|Replica of the flag of Company G, 4th Alabama Infantry at Manassas' 150th Celebration|
Another quick observational post on the Sesquicentennial event at Manassas last month. This time, it all revolves around the Confederate living history camp adjacent to the Henry House, and more directly to the exhibit there which the reenactors entitled, "Flags of Manassas." Curiously, the flags of Manassas were only rebel banners, with nary an American flag in sight. But that's another discussion completely.
Alabama Department of Archives and History.
But what did the flag mean? What was that cotton bale and the large cotton plant on the canton intended to represent?
The ladies of Marion presented the proud banner to their brave men recruited from across Perry County, Alabama. Thanks to some keen numbers crunching by rootsweb user Tom Blake, we can start to get an image of what Perry County looked like on the eve of the war as men joined the army which would fight on the fields of northern Virginia. Perry County had a total of 1,045 slave owners, who held 18,206 humans in bondage. Over half of those slaves were owned by masters with 34 or more humans beings listed as their property. Perry county was a land of plantations and production farming. Commodities flowed from the fields of Perry County, picked by black hands. The flag was simply a, "beautiful device which illustrat[ed] so aptly the product of our lovely country."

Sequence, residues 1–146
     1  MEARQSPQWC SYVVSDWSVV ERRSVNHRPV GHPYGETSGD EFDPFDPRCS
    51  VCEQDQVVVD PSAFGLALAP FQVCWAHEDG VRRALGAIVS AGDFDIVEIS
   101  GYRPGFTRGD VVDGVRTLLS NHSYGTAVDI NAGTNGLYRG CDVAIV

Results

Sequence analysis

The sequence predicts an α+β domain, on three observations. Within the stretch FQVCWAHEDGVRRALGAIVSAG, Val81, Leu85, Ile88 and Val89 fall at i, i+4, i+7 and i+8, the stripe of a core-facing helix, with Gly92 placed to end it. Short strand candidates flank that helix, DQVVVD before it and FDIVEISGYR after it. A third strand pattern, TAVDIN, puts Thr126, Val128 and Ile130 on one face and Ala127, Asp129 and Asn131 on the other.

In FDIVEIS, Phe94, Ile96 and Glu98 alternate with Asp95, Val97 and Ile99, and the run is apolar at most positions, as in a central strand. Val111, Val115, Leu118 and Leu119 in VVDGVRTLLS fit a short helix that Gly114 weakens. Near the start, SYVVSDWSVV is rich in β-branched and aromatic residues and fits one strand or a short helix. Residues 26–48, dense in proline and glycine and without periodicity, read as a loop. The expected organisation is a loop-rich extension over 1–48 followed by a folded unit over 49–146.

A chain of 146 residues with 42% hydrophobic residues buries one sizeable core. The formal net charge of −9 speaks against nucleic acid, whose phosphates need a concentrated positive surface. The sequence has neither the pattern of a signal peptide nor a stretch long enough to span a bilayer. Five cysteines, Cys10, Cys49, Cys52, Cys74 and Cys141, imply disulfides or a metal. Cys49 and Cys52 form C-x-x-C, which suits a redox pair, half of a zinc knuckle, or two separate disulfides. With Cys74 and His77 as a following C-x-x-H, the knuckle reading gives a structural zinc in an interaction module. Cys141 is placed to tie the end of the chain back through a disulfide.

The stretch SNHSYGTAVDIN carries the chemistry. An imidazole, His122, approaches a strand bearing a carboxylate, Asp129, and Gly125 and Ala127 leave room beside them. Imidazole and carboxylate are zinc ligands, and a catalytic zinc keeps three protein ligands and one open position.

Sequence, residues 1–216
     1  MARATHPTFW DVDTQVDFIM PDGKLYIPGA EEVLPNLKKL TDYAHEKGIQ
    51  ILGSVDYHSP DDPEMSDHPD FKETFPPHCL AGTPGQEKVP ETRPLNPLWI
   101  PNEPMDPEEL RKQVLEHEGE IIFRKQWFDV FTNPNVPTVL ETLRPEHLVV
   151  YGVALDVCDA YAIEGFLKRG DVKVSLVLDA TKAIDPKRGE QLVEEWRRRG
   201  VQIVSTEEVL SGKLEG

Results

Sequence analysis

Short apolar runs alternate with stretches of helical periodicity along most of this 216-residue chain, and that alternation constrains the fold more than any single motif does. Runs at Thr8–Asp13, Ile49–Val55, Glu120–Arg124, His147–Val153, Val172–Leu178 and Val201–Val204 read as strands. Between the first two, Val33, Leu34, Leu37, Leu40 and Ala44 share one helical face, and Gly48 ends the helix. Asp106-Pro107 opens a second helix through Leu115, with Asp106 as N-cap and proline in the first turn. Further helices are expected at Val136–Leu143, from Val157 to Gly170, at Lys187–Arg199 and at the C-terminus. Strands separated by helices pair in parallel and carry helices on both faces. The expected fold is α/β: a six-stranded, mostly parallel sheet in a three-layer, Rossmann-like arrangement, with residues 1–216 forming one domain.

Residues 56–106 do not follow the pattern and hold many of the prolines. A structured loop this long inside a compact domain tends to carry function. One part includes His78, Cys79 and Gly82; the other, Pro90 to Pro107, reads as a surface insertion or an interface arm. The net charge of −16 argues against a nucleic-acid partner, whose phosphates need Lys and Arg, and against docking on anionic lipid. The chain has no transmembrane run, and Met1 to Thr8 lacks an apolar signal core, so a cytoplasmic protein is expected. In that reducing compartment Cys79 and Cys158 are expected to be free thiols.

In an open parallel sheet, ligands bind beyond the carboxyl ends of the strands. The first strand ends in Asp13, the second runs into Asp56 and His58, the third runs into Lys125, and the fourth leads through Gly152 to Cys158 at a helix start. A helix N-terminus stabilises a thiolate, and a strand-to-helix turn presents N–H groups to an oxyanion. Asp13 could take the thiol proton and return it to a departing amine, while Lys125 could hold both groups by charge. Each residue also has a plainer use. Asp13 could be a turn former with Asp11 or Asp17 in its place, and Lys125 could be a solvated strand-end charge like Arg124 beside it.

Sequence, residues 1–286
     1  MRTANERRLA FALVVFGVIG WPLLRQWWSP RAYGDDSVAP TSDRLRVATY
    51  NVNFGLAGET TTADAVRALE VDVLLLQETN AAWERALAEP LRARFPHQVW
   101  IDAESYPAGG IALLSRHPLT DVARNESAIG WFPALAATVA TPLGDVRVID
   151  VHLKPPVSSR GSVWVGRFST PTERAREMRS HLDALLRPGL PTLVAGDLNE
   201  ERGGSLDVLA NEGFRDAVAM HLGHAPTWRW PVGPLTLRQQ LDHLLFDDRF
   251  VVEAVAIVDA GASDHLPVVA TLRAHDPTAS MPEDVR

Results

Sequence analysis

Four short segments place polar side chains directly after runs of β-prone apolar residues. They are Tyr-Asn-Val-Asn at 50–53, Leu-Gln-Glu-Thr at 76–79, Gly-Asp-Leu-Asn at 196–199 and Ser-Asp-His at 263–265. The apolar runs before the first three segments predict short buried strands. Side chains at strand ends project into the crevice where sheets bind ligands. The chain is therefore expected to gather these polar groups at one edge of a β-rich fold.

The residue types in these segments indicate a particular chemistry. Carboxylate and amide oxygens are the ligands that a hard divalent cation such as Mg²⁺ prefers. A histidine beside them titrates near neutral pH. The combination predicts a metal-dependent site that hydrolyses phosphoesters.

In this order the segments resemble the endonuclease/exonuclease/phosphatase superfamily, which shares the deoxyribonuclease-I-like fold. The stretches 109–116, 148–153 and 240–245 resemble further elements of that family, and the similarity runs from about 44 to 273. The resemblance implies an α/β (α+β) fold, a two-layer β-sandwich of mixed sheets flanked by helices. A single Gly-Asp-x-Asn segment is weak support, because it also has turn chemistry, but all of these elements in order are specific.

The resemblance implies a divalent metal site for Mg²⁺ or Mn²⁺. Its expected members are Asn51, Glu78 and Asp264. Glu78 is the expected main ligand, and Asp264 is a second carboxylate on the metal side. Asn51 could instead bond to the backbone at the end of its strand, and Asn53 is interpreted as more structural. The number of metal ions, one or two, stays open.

So, when the regiment decided to adopt this flag as their regimental banner, what type of statement was that choice making?
To add another plot thickening and tantalizingly juicy detail to the tale, the flag purportedly flapped in the breeze near Thomas Jackson as he received the appellation, "Stonewall." There he stood, like a stonewall, fighting under a banner touting the primacy of the quintessential slave crop. What was this war all about again?